Small Senior Class Deserves AC Win
Paul Homer (Kim Grinolds/Dawgman.com)
Paul Homer (Kim Grinolds/Dawgman.com)
Dawgman.com
Posted Nov 24, 2009
Dick Baird


There were only 12 seniors listed in Washington’s full depth chart for their last game, against OSU. Of the 27 listed in the offensive depth, only four were seniors and only two were starters recruited and signed into the program. Out of 28 listed players on defense, only seven were seniors - but again only three starters. There is only one senior of 11 listed players in the kicking game.

So of the 15 total seniors on the team, only six are starters. And that's 15 seniors out of 105 listed in the whole program, and four of those players walked on. That means the first two years of recruiting by the previous staff produced 11 total senior players for the program. The attrition rate has been crippling, as well as a lot of needless burning of red-shirts.

That, in itself, is the best explanation for why the Washington Huskies are 3-7. The lack of older players has not only hurt the Husky offense but this team in general. You win with your seniors and veterans, and that is the same at all levels of the game.

Your senior class is always a mix of true seniors and red-shirt seniors, and this one represents the transition year between Keith Gilbertson and Tyrone Willingham, plus Willingham’s second class. Coach Willingham essentially blew off his first recruiting class, assuming wrongly that this was Washington and therefore there were enough good players already here. It would prove disastrous to squad development and this year it is being felt the most (You win more in college football with 22-year olds rather than 18-year olds).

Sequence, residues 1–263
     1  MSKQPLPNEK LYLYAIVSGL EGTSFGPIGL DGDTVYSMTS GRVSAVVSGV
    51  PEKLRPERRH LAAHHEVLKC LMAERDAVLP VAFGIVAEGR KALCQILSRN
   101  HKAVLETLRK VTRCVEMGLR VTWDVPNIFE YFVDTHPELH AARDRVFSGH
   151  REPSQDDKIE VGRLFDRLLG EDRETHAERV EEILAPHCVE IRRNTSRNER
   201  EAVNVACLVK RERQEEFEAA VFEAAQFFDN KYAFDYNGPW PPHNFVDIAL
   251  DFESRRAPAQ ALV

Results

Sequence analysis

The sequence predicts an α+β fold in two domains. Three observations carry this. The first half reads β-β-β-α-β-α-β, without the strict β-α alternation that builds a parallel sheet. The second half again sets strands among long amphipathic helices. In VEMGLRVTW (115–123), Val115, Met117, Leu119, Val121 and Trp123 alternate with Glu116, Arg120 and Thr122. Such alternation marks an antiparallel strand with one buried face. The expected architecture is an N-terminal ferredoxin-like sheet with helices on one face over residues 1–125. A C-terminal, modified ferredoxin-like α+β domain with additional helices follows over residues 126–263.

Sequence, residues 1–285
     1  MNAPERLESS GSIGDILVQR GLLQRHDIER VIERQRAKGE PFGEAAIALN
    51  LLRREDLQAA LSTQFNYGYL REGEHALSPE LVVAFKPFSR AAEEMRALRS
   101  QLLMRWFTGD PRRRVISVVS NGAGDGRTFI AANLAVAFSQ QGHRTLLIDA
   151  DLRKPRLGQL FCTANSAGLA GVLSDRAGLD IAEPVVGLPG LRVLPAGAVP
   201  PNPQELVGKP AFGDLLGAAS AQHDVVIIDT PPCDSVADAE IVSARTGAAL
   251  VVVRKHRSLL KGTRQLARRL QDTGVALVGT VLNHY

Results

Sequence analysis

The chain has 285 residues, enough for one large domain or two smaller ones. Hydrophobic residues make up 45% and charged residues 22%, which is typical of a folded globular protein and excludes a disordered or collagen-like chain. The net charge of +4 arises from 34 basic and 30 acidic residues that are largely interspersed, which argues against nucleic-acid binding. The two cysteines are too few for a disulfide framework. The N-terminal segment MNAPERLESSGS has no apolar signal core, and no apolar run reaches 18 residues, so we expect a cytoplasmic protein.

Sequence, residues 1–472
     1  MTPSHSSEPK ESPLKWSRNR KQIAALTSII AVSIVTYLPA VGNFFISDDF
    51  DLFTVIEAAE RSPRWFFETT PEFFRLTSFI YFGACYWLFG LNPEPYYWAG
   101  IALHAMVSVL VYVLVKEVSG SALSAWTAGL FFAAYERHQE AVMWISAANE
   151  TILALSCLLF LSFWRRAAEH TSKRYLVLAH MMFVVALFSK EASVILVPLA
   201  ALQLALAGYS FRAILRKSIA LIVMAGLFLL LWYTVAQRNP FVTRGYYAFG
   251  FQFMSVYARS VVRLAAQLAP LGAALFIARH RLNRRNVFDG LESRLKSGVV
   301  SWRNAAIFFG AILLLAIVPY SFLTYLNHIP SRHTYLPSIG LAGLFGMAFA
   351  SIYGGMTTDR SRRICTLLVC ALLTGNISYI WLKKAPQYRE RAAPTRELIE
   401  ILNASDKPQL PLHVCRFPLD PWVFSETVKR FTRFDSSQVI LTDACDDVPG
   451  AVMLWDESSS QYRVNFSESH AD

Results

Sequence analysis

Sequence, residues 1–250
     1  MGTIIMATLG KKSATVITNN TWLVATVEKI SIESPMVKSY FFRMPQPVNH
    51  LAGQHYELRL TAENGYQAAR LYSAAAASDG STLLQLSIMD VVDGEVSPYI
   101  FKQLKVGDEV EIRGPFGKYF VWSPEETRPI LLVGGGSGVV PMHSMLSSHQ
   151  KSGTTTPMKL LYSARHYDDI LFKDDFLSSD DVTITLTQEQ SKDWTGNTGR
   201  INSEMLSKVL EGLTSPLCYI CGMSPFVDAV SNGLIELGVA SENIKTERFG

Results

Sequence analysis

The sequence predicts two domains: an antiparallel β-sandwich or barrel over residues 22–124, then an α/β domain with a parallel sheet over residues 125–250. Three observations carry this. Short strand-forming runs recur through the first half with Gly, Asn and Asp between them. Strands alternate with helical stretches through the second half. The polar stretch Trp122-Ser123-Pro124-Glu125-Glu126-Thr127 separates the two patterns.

Fullback Paul Homer is about as steady as any kid in the program and will probably be a doctor someday. He played as a true freshman and has been a real solid blocker and has brought character to the team. Homer is a proud Husky and I think he has had a solid career. He is one of my favorite kids over the past five years of this football hell.

I’m not sure the other senior on offense, Ben Ossai, has ever really bought into all the changes that have taken place over his career, but he has been a four-year starter, and that is an accomplishment in itself.

The other two seniors on offense are Morgan Rosborough and Nick Scott, who both entered after or between signing classes. Both are reserve offensive linemen and neither has ever really been a factor in the program, besides providing the valuable service of being big bodies to practice against. Unfortunately, both have been too big to play effectively on the move. Both are on pace to finish their degrees.

On the defensive side of the ball there are really only two healthy senior starters. Donald Butler and Daniel Te'o-Nesheim have simply been warriors since the day they joined this program and might be the only seniors who have any NFL potential. They both are real leaders on the defense, as well as quality men off the field. These two guys are what Husky defense is all about.